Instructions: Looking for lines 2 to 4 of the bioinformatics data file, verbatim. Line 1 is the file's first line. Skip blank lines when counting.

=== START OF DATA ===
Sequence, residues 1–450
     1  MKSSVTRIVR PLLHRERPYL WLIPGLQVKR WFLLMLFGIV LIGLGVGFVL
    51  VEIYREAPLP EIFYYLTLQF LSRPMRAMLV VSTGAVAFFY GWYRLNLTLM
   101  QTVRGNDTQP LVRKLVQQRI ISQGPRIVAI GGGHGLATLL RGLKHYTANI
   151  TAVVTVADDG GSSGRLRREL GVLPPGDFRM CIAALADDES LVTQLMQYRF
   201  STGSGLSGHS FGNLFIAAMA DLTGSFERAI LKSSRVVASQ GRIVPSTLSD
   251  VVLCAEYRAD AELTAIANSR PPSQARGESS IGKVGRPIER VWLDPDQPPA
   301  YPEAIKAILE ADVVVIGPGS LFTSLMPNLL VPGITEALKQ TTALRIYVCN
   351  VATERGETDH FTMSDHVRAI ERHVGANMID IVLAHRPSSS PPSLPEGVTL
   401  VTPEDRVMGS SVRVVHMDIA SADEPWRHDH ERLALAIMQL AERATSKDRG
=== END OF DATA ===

     1  MKSSVTRIVR PLLHRERPYL WLIPGLQVKR WFLLMLFGIV LIGLGVGFVL
    51  VEIYREAPLP EIFYYLTLQF LSRPMRAMLV VSTGAVAFFY GWYRLNLTLM
   101  QTVRGNDTQP LVRKLVQQRI ISQGPRIVAI GGGHGLATLL RGLKHYTANI